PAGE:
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When It Comes to Skews, The Devil is in the Details

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When It Comes to Skews, The Devil is in the Details

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BY: HANS ALBRECHT, CIM®, FCSI, VICE PRESIDENT, PORTFOLIO MANAGER AND OPTIONS STRATEGIST, HORIZONS ETFS

Option-implied volatility is a complicated sounding term that simply describes current option pricing levels. It is one of the most important inputs to watch when trading options, but most novice traders tend to focus too much on at-the-money pricing levels. In doing so, they fail to realize that relative option pricing is generally not consistent across strike prices for out-of-the-money options contracts. For example, out-of-the-money puts tend to be priced higher on an implied volatility basis than out-of-the-money calls. This is known as the “skew” — put pricing tends to be ‘skewed’ higher. Skew, when calculated by many common measures will net out the effect of puts and calls, which can make it difficult to see precisely where a move in skew is coming from. This is overlooking important information and could affect investment results. When making decisions on enhancing a portfolio’s yield/return though call or put selling, it is better to separate call skew and put skew.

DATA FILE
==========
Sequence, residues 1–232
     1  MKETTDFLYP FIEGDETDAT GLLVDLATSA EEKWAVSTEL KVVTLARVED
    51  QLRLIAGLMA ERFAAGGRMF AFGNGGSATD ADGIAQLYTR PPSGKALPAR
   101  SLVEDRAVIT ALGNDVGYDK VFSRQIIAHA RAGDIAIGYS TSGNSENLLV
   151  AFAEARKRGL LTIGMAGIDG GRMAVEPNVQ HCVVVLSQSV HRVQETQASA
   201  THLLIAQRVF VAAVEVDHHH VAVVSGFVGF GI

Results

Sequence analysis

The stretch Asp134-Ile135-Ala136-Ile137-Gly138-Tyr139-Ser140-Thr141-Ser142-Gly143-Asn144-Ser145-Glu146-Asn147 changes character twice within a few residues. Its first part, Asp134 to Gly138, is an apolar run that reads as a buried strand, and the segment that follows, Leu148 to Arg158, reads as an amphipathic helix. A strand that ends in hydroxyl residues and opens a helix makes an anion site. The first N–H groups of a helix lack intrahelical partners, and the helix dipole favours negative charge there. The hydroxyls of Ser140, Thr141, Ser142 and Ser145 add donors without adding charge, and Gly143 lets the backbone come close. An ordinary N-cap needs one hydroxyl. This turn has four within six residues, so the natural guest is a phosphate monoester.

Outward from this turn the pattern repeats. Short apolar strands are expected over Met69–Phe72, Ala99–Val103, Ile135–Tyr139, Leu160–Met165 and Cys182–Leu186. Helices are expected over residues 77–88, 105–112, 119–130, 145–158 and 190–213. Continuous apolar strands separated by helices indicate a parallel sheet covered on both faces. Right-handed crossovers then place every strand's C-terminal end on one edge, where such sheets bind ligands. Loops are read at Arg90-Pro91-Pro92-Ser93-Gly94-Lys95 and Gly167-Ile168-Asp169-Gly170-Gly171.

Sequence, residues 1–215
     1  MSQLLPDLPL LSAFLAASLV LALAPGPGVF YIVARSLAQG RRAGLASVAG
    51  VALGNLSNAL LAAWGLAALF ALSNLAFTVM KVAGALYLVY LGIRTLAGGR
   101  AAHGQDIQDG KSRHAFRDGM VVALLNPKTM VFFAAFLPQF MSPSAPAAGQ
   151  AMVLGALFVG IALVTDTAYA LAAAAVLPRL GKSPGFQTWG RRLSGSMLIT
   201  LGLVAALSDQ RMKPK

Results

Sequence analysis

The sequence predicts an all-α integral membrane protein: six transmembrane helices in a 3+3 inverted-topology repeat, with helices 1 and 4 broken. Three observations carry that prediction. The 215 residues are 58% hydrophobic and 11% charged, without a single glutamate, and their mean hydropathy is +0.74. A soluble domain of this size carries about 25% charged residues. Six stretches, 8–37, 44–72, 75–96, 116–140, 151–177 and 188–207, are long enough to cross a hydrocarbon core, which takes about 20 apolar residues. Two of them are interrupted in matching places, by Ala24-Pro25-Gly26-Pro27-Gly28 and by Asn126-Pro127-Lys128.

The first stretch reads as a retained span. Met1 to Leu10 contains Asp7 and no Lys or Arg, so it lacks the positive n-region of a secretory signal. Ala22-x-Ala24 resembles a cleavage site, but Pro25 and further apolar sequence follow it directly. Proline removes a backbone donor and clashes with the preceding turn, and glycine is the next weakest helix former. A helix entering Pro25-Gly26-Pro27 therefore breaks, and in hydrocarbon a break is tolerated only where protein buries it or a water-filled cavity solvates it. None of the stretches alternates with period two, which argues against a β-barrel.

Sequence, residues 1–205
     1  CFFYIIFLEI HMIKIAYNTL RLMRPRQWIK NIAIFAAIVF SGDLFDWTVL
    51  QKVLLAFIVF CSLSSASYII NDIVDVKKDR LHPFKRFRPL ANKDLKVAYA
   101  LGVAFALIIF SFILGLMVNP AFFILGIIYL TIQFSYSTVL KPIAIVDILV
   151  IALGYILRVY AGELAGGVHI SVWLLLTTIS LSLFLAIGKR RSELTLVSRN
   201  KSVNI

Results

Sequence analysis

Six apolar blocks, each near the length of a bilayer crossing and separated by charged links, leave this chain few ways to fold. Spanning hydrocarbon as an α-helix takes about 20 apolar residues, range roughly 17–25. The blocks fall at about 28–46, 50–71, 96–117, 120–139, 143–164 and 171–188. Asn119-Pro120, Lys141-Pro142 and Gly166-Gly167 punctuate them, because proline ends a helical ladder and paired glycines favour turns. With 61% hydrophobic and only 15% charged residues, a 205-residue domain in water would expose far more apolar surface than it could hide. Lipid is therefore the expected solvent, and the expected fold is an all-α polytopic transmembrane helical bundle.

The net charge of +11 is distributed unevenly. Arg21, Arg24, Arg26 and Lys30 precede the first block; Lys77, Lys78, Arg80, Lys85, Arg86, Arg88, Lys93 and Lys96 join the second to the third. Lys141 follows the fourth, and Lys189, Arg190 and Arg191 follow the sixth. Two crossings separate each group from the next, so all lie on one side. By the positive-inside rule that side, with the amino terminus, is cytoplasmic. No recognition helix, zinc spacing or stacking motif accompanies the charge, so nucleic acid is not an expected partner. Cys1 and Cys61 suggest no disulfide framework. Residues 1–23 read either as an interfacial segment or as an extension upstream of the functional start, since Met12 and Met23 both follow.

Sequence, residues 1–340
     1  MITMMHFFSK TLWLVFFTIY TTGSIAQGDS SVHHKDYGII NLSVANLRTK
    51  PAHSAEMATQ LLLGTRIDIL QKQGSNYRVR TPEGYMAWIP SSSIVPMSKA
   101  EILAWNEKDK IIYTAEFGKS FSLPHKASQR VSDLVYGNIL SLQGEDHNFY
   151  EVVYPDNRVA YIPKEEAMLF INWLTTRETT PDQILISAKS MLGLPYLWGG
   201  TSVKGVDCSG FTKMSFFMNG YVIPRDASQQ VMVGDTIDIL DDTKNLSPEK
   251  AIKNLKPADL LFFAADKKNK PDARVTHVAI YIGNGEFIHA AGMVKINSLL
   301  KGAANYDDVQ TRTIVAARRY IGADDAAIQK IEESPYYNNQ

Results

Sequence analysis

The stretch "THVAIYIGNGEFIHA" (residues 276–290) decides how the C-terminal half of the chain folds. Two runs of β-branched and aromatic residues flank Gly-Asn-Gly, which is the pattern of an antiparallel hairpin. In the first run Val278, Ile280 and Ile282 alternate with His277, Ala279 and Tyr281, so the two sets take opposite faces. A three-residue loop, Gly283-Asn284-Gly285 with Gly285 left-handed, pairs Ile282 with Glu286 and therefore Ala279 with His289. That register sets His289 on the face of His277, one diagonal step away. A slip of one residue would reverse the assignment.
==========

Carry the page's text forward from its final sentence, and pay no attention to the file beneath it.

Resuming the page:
As the saying goes, “The devil is in the details”: By looking at the put and call skews separately, you are able to make better decisions in locating an edge. For example, a general calculation for skew on one-month options in the S&P500 Index would show that the skew has dropped a fair bit lately. But why has it dropped? Is it because puts have dropped, or is it because calls have risen? By calculating put and call skew separately, we see that most of the effect has come from the calls rising more dramatically than the drop in puts. In fact, 2.5% out-of-the-money calls were recently trading at their highest levels relative to at-the-money calls in almost 19 months. With that steep skew in-mind, as portfolio managers we know that we can sell higher-priced calls against our S&P500 Index holdings than normally would be available, and thereby add value to our portfolio via a covered call strategy. So, when looking at the skew, make sure to recognize where the movement is coming from – it will help you find and make better trades.

The views/opinions expressed herein may not necessarily be the views of AlphaPro Management Inc. All comments, opinions and views expressed are of a general nature and should not be considered as advice to purchase or to sell mentioned securities. Before making any investment decision, please consult your investment advisor or advisors.

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